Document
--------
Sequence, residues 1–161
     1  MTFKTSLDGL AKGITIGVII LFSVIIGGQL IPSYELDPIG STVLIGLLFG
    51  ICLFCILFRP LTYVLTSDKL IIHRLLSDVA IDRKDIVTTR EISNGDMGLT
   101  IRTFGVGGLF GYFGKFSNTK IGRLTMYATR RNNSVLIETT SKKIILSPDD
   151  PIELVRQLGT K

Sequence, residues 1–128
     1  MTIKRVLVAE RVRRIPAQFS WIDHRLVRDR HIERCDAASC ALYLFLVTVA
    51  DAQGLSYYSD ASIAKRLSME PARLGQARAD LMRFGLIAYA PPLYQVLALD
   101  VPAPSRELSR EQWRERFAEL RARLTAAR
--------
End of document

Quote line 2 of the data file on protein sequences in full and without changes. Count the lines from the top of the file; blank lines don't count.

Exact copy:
     1  MTFKTSLDGL AKGITIGVII LFSVIIGGQL IPSYELDPIG STVLIGLLFG